Calculate your Social Security benefits

This was originally published on Monday, May 25, 2015, in the Pacific Daily News.  Click here to subscribe to the PDN.

Q:  I am forty-three years old and I have been working since I was eighteen.  I recently started a retirement fund but I feel that I may not have enough to comfortably retire.  I have been contributing to Social Security since I started working.  I am curious to know how exactly my Social Security benefits are calculated.

A while ago, an elected official called me and asked me to cover Social Security in Money Matters. Thank you for the suggestion. I will cover Social Security over the next few weeks and I apologize it has taken so long to write about it, but finally here is some information.

A:  Starting a retirement fund at any age is better than no retirement fund at all.  Social Security has been around for decades and came into law in 1935.  The idea behind it was that workers could put a small percentage of their pay aside into a cumulative account.  When they retired they would be able to withdraw money out of that account to assist them with monthly living costs.  Over the years, Social Security has made changes to the retirement age, percentages of benefits, cost-of-living and inflation adjustments, and spousal and disabilities benefits.  According to finance.yahoo.com, “the average monthly Social Security check in 2015 is $1,328.”

I wish I could say that calculating your Social Security is straight forward and easy.  But the reality is that it depends on several factors such as age of retirement, how much you earned, and how long you have worked.

The first step in calculating your Social Security benefit is figuring out your Average Index Monthly Earnings (AIME).  AIME is calculated by looking at all the years you worked. The Social Security Agency takes the top thirty-five highest earning years and adds them up.  That number is then divided by the number of months within those years.  That figure is your AIME.  If you have not worked for thirty-five years those years you were unemployed will be given a zero dollar value which will bring your average down resulting in a lower AIME.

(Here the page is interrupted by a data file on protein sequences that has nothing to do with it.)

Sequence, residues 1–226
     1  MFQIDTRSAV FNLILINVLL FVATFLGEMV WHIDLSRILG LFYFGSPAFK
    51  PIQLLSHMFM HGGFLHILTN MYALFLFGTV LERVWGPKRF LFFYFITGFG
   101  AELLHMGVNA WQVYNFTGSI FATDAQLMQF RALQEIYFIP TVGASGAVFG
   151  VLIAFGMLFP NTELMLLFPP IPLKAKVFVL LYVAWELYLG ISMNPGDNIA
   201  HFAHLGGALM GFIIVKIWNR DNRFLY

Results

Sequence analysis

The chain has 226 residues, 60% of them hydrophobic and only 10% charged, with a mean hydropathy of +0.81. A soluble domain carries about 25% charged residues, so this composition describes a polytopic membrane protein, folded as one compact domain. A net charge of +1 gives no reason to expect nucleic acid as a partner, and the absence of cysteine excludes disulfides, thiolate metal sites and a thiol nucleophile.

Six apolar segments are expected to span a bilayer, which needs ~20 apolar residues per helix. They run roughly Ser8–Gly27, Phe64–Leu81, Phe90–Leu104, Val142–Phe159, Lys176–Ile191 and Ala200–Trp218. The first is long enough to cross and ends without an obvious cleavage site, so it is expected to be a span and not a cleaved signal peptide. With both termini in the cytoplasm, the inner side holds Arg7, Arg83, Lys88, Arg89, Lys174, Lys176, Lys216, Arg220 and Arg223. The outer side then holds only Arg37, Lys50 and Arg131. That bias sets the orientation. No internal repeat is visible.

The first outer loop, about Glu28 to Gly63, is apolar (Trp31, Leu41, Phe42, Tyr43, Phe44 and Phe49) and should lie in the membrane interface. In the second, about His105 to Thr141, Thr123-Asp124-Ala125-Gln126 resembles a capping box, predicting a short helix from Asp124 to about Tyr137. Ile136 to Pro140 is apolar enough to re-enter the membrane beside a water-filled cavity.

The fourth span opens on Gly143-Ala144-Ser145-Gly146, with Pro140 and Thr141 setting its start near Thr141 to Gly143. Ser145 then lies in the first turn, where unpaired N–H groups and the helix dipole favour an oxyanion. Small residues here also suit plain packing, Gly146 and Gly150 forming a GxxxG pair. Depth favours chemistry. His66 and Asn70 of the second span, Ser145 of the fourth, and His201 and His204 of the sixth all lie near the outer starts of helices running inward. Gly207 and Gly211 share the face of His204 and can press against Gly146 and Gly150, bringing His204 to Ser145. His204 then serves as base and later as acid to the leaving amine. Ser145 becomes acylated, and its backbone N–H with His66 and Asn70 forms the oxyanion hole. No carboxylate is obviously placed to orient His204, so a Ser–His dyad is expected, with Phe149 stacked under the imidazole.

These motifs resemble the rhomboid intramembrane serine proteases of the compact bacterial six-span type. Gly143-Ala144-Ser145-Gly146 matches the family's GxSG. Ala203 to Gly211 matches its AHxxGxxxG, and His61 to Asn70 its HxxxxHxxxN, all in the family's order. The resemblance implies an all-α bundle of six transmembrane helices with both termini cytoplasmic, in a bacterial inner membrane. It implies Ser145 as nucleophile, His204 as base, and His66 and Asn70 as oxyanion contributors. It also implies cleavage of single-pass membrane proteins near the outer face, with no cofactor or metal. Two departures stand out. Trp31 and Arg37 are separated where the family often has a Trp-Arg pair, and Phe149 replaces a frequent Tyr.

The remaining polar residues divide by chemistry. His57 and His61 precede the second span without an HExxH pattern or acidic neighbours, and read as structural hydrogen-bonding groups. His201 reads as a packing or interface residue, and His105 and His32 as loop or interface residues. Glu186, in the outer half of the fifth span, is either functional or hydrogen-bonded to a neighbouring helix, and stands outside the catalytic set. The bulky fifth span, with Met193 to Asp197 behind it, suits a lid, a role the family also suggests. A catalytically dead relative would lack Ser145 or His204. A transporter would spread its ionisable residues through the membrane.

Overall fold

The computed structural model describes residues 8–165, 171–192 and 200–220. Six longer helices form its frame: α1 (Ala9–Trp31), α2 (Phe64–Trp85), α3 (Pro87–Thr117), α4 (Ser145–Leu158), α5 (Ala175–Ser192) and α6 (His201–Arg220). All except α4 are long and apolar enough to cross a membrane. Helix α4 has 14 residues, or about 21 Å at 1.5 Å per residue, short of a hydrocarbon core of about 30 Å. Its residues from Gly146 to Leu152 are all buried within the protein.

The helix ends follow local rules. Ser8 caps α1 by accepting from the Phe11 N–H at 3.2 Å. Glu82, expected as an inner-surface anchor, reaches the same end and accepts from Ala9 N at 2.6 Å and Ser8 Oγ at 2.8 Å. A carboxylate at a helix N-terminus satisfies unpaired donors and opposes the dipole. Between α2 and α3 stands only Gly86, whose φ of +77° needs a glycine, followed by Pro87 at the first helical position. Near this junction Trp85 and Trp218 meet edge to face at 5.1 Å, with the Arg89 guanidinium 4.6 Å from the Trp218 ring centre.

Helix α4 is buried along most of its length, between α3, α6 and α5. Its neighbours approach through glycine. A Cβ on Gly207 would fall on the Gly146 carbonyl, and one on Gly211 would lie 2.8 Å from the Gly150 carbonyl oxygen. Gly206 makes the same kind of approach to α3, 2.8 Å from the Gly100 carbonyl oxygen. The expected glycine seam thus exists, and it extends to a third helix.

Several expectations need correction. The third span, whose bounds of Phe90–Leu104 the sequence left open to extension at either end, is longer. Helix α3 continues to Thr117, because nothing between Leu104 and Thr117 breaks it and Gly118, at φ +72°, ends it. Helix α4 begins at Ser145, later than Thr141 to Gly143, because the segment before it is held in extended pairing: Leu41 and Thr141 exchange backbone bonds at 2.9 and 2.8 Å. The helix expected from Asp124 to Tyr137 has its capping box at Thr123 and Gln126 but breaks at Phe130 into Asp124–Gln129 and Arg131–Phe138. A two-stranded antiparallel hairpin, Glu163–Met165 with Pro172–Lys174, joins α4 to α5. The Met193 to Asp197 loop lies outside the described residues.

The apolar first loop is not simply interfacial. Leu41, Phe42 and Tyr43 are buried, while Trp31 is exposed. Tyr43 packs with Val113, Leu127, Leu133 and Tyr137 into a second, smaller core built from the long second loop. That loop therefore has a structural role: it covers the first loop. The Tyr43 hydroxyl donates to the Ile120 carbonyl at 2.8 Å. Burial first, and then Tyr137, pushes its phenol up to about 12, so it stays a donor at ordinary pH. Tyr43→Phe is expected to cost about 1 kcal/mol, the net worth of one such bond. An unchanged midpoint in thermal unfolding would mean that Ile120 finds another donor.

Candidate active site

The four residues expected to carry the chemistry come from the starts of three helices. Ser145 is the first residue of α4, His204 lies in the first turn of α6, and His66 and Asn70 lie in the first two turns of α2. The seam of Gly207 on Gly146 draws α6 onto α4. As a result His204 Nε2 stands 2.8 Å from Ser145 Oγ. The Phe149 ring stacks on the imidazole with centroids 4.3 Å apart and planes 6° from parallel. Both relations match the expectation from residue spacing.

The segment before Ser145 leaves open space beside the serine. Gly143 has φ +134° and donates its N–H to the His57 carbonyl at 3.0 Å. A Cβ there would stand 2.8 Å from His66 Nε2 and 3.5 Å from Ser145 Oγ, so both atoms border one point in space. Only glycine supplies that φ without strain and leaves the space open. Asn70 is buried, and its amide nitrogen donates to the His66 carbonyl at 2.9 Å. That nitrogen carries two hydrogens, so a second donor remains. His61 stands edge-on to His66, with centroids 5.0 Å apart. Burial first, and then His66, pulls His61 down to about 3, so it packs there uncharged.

The Primary Insurance Amount, or PIA, is the baseline on which your Social Security benefits are calculated if you receive your retirement benefits at your full retirement age.  The full retirement age is the age you receive 100% of your PIA.  Not everyone has the same retirement age.It depends on what year you are born.  To find your full retirement age go to http://www.ssa.gov/oact/ProgData/nra.html.  In your case, a forty-three year old person would have a normal retirement age of 67 years old.

To calculate Social Security benefits today you would calculate your amount using these three variables:

  • For the first $826 of your AIME you will get 90% of it
  • For your AIME over $826 through $4,980 you will receive 32%
  • For the amount higher than $4,980 you will then receive 15%

For example if you were of retirement age and your AIME is calculated at $5,500.  You would receive 90% of the first $826, which is $743.  Since you made over $4,980 calculate 32% of the $4,154 ($4,980 – $826 = $4,154), which totals $1,329.  Lastly your AIME is over $4,980 so include 15% for the $520 left over ($4,154+$826 = $4,980; $5,500-$4,980 = $520) which is $78.  Add the three amounts  ($743+$1,329+$78) for a grand total of $2,150 per month.

But there is still more to consider.  The age at which you retire affects your benefit amount.  Let’s say that you are born in 1954. You can start receiving Social Security retirement benefits at 62 years of age. But according to the Social Security Agency your full retirement age is 66 years old.  If you start receiving your benefits at 62 years old your benefits will be 25% less than your calculated Primary Insurance Amount for the rest of your life.  But if you wait till your full retirement age of 66 you will receive 100% of your PIA.  If you start claiming after 66 years of age add 8% to your PIA to every year you delay receiving benefits until you reach 70.  At 68 you will receive 116% of your PIA.  If you wait till you are 70 to start receiving your benefits you will earn 132% of your PIA.

You can find out what your benefits are by going to www.ssa.gov and creating an account. Your account will contain your Social Security statement plus your estimated Medicare benefits.

Michael Camacho is president and chief executive officer of Personal Finance Center. He has more than 20 years of experience in retail banking and at financial institutions in Guam and Hawaii. If there is a topic you’d like Michael to cover, please email him at moneymattersguam@yahoo.com and read past columns at the Money Matters blog at www.moneymattersguam.wordpress.com.

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